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What exaclty is energy on a quantum level?

  1. Aug 5, 2010 #1
    I know if energy just suddenly appears in a vacuum it will become radiation in some random form of frequency/wavelength, but what exactly is it on a quantum level? Possibly particle fluctuations of some sort of "energon" (made it up myself). What do you think?
  2. jcsd
  3. Aug 5, 2010 #2
    You're the one making it up. So what is the energy on a quantum level?

    In our universe, energy can't just 'appear' in a vacuum. Not would energy become random radiation.
  4. Aug 6, 2010 #3
    There is no principal difference between energy in classical and quantum physics. It is just a useful concept which helps physicists to calculate outcomes of experiments. Practically, however, it looks quite different in the 2 cases.

    Classically, the energy of a system is defined as the amount of work done by forces to bring it to its current state. Such definition is not very useful in quantum mechanics, because notions like force or trajectory don't make much sense there. Actually, energy is a concept which proved to be extremely useful in quantum mechanics. But one still has to be careful to make the quantum definition agree with the classical one when the quantum effects are negligible. That is, if you push a trolley on 1 meter applying a force 1 Newton, then even if you calculate the outcome using time-dependent perturbation theory of the Schroedinger equation, you must get that the energy of the trolley increases by 1 Joule.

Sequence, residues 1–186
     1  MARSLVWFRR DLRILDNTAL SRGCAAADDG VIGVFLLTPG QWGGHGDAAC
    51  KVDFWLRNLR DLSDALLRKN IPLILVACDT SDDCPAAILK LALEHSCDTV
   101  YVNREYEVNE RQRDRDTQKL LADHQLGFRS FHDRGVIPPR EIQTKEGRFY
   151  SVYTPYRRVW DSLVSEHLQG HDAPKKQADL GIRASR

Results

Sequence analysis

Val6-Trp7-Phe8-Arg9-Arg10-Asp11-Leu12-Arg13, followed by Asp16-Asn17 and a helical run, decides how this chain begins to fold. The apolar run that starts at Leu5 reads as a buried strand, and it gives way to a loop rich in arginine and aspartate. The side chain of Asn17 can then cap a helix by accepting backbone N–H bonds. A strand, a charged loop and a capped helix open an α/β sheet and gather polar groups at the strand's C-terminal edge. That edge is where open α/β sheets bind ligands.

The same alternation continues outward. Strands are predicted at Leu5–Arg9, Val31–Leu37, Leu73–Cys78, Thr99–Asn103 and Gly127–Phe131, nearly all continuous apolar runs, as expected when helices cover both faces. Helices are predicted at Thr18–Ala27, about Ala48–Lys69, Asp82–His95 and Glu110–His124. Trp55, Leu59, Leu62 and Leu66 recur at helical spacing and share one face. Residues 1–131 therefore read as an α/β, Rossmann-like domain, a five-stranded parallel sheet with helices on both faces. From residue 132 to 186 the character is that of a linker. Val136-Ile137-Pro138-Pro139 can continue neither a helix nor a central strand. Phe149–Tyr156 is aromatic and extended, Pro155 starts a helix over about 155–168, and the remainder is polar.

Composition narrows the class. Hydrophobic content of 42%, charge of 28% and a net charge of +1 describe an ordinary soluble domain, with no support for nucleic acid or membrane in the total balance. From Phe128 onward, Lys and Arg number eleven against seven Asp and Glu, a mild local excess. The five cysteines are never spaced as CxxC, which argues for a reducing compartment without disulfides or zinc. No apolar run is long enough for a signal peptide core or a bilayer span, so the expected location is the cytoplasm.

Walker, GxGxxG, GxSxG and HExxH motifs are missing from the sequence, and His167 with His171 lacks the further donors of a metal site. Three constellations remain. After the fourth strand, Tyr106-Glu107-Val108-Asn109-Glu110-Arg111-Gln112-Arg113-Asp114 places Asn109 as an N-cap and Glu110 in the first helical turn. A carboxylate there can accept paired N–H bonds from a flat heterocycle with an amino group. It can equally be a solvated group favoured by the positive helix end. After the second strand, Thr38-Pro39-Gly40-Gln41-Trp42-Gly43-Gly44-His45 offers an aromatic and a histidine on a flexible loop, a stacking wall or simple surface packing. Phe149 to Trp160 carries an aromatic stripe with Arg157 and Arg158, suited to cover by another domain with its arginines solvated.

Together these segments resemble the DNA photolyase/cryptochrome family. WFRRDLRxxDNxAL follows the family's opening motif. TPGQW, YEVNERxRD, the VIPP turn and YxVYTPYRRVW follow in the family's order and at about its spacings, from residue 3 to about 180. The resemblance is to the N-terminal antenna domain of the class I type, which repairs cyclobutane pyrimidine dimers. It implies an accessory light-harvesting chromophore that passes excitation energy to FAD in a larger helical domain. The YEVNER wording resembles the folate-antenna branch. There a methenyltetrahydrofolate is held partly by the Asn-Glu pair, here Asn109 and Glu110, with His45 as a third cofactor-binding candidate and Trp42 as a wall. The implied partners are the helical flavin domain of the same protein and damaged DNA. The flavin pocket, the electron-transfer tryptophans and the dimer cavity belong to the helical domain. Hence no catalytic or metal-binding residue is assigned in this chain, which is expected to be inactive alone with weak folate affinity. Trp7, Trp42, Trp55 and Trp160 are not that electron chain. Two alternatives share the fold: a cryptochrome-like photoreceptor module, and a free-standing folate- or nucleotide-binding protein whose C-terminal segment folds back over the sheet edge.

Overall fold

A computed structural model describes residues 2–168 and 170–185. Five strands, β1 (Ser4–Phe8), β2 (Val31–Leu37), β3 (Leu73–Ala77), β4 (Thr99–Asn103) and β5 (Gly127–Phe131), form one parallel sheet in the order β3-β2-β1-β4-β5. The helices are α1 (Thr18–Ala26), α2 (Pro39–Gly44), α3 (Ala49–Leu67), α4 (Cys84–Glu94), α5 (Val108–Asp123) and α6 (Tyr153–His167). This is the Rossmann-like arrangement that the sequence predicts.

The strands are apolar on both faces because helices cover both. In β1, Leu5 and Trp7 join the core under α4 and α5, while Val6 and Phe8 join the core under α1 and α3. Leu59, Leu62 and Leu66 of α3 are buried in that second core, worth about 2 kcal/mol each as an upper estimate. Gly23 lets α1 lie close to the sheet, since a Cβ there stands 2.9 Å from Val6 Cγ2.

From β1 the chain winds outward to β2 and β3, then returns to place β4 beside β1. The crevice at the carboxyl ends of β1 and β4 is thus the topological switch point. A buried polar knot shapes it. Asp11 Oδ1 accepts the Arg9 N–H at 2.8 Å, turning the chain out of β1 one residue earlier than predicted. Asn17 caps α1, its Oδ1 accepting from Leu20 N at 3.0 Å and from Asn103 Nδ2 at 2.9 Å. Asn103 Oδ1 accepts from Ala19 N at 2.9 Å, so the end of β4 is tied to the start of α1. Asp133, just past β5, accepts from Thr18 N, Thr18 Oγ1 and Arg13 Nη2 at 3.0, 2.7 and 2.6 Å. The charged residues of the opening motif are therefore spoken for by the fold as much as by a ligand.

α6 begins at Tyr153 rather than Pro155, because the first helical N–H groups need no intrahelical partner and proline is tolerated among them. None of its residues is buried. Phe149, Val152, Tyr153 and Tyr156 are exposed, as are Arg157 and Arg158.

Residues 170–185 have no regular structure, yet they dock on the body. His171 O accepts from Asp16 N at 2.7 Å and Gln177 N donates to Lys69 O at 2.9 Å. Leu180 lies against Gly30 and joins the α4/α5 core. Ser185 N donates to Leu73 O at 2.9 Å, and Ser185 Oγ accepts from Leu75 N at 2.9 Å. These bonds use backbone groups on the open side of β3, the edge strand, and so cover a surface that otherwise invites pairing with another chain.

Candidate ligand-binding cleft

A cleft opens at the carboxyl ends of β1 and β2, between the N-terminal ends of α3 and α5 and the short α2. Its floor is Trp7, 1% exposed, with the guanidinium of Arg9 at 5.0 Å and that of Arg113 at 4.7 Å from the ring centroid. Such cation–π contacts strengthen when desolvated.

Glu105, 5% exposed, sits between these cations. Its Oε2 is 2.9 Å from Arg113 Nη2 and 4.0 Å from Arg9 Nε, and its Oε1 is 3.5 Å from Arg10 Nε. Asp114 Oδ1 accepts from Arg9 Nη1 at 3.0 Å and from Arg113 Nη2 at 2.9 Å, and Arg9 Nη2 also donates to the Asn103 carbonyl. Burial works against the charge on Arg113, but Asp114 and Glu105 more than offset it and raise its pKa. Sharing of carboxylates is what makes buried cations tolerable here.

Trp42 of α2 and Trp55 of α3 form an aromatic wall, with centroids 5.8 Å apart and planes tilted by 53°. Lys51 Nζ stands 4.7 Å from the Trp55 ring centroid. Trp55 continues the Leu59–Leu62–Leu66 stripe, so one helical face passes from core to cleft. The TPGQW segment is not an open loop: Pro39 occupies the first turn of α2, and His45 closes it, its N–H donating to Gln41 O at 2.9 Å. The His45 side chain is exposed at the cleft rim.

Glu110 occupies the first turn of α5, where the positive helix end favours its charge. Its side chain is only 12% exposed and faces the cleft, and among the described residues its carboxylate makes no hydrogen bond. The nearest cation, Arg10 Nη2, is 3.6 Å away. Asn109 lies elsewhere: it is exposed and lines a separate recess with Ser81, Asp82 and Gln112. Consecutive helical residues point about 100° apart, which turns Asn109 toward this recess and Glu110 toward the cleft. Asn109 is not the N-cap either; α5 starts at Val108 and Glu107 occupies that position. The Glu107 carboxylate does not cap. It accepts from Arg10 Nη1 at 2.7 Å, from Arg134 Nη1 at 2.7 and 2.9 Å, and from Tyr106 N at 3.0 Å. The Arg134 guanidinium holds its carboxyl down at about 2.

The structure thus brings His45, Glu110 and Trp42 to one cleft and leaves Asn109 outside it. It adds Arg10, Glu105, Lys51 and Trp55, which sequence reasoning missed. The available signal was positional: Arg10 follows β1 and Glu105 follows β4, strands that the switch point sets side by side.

In QM, the energy is essential mostly because the energy operator H (hamiltonian) governs the time-evolution of any system through the Schroedinger equation. Energy can then be defined as the expectation value of H.
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